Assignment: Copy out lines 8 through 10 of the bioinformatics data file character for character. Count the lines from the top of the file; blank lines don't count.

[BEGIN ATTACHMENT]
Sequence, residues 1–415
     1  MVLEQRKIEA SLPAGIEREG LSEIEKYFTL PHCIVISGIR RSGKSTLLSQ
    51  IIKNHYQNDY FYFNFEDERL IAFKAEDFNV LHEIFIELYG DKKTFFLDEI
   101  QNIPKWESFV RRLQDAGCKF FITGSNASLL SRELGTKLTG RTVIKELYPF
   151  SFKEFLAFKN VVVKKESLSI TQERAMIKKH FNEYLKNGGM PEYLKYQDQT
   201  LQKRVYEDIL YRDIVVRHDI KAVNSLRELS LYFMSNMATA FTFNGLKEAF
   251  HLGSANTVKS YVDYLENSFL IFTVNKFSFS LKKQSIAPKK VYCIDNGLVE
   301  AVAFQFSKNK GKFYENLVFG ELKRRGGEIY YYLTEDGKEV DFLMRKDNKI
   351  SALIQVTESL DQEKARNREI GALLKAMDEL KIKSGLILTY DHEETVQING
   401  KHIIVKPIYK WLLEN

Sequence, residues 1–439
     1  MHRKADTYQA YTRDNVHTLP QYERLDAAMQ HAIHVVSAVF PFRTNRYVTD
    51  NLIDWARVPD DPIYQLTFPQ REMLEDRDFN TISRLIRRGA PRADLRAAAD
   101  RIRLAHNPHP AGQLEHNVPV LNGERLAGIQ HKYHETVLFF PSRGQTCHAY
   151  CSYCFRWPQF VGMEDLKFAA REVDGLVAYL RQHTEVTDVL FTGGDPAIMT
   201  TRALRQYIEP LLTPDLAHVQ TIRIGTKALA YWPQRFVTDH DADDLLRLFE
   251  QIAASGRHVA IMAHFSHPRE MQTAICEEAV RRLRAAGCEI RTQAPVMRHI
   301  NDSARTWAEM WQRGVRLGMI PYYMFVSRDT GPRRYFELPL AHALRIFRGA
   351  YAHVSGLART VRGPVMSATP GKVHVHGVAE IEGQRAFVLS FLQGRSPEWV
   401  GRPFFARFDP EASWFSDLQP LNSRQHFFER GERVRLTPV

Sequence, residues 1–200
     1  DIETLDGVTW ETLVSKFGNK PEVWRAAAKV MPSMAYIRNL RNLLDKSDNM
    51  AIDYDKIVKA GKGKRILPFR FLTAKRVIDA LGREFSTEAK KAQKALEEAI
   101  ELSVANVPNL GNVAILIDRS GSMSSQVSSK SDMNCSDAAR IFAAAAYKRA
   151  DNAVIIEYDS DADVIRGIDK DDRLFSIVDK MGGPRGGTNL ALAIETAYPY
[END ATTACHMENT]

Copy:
   301  AVAFQFSKNK GKFYENLVFG ELKRRGGEIY YYLTEDGKEV DFLMRKDNKI
   351  SALIQVTESL DQEKARNREI GALLKAMDEL KIKSGLILTY DHEETVQING
   401  KHIIVKPIYK WLLEN